DEVELOPMENT analyst Charity Musamba has advised President Edgar Lungu to listen to the utupuba he referred to when he commissioned the Arcades flyover last month and save Zambia from a development catastrophe.
Dr Musamba, a development studies lecturer at the University of Zambia, said President Lungu castigated the critics of his government as “utupuba” when he commissioned the flyover on October 30.
“This bridge has been constructed using borrowed resources and this is where the Head of State placed his lamentation regarding these ‘utupuba’ for failing to see the developmental outcomes of his government’s ‘borrowing.’ Indeed, it is important to acknowledge from the onset that not all ‘critics’ deserve attention, nor do critics always place their points within the correct radar,” she said. “However, a close look at the record of the consistent ‘critics’ of the President’s government reveals very important observations – ones if correctly perceived and understood would actually serve a great purpose not only for the leadership but the country as a whole.”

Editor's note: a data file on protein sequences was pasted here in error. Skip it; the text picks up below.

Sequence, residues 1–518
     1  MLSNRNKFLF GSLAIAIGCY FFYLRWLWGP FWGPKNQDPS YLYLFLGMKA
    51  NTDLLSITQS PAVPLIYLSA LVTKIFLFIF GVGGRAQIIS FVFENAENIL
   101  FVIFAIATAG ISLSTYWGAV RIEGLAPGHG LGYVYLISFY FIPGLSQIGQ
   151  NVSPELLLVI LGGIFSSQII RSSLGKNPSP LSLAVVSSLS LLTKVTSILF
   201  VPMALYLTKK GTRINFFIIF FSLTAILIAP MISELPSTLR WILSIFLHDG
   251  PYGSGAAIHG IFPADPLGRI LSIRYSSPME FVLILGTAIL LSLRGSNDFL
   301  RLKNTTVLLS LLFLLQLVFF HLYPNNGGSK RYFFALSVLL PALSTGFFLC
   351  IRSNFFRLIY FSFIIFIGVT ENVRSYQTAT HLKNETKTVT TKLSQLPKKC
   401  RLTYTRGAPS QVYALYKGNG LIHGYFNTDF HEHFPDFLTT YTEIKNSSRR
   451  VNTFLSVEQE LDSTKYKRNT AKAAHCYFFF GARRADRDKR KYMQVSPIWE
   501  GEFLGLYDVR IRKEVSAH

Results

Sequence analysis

Dr Musamba said a check on the “utupuba” who had been consistent with keeping track of this country’s common development and governance imperatives shows that “these citizens are pre-occupied with the following worries – which in the leadership’s eyes are summed up as criticism”.